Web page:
The 2012 Navajo Oral History project is complete. The students of Diné College and Winona State University that created the documentary films on the lives of Navajo elders, premiered their projects at receptions in mid-September on both campuses.
The students, working in collaborative teams during June 2012, provided service work for the elders, then researched, wrote, filmed, edited and produced documentary films about four Navajo Code Talkers, and one long-time employee at Diné College.
Those featured included Chester Nez, of Chichiltah, New Mexico, the last surviving member of The Original 29 Navajo Code Talkers. Chester was part of the first group of young Navajo men who were recruited into the US Marine Corps in 1942 to create a code, based on the Navajo language, for use in the Pacific Theater of World War II. Those Original 29 Code Talkers then took their code into battle. The code was never broken and surely helped shorten the war, save lives, and secure victory for the United States.
Other code talkers featured in the student documentary films are: Kee Etsicitty of Chichiltah, New Mexico; Samuel Tom Holiday of Kayenta, Arizona; and Joe Vandever Sr. of Haystack, New Mexico.
The Diné College employee featured is Agatha Spencer of Chinle, Arizona. Spencer was a new employee at Navajo Community College in 1968 as the first Tribal College in the U.S. was created. She has served as an admissions counselor and program coordinator for the school -- now known as Diné College -- since then.
The journalism project is part of a multi-year collaboration between Winona State University (Winona, Minnesota) and Diné College (Tsaile, Arizona). Through the Navajo Oral History project, students get real-world, in-the-field experience using and refining their journalism skills. They also learn across cultures, and help to document and save for historic purposes the life stories of Navajo elders. The project is directed by Dr. Miranda Haskie, professor of social and behavioral sciences at Diné College, and Dr. Tom Grier, professor of mass communication at Winona State University.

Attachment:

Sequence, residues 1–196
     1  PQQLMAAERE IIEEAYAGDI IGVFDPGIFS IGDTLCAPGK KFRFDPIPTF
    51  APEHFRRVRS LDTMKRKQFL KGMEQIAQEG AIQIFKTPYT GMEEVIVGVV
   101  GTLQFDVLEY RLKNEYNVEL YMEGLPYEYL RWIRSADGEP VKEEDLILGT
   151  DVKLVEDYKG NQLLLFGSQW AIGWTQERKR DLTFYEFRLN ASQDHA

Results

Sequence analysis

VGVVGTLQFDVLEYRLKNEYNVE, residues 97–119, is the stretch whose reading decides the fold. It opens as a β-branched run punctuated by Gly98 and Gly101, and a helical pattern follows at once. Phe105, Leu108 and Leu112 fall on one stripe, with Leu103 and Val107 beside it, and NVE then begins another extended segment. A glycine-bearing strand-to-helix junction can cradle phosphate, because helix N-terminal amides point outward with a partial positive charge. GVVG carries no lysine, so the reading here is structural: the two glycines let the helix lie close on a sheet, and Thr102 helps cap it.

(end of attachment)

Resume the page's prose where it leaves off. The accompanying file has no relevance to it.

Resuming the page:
The finished documentaries were published to DVDs, copies of which were given to the families of the featured elders, and which are archived at the libraries of the two colleges and at the Navajo Nation Museum and Navajo Nation Library. The documentaries are also archived at the Smithsonian Institution's National Museum of the American Indian.
Copies of the DVD are available for purchase, with all funds from sales going to a scholarship fund at Diné College. Information about purchasing the DVDs is available from Tom Grier; email: firstname.lastname@example.org.
To aid in the dissemination of the interesting and important stories of the elders, the videos have been made available for viewing via YouTube. Those interested can visit the YouTube web site and enter Navajo Oral History or the name of one of the elders into the search box and follow the link to the videos.
Planning and recruiting of students for the fifth year (summer 2013) of the Navajo Oral History project is already underway. Interested students should contact Prof. Haskie (email@example.com) or Prof. Grier (firstname.lastname@example.org).
Links to the YouTube Videos:
Chester Nez Living History Film:
Kee Etsicitty Living History Film:
Samuel Tom Holiday Living History Film:
Agatha Spencer Living History Film:
Joe Vandever Sr. Living History Film:
These Living History films are 15-20 minutes long. The shorter (3-5 minutes) Media Feature versions of the films are also posted on YouTube.